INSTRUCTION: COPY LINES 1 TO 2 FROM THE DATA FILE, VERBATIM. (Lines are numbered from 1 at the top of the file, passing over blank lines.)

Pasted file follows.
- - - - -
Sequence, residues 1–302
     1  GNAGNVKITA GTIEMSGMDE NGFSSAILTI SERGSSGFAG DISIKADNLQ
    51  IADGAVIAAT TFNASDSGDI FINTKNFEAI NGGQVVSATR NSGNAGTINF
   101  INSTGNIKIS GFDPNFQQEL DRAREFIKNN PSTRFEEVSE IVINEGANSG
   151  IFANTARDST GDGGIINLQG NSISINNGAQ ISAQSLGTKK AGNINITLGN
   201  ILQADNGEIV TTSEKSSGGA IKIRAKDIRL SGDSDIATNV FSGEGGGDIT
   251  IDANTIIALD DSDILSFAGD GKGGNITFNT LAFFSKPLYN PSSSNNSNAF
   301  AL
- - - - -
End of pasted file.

Sequence, residues 1–302
     1  GNAGNVKITA GTIEMSGMDE NGFSSAILTI SERGSSGFAG DISIKADNLQ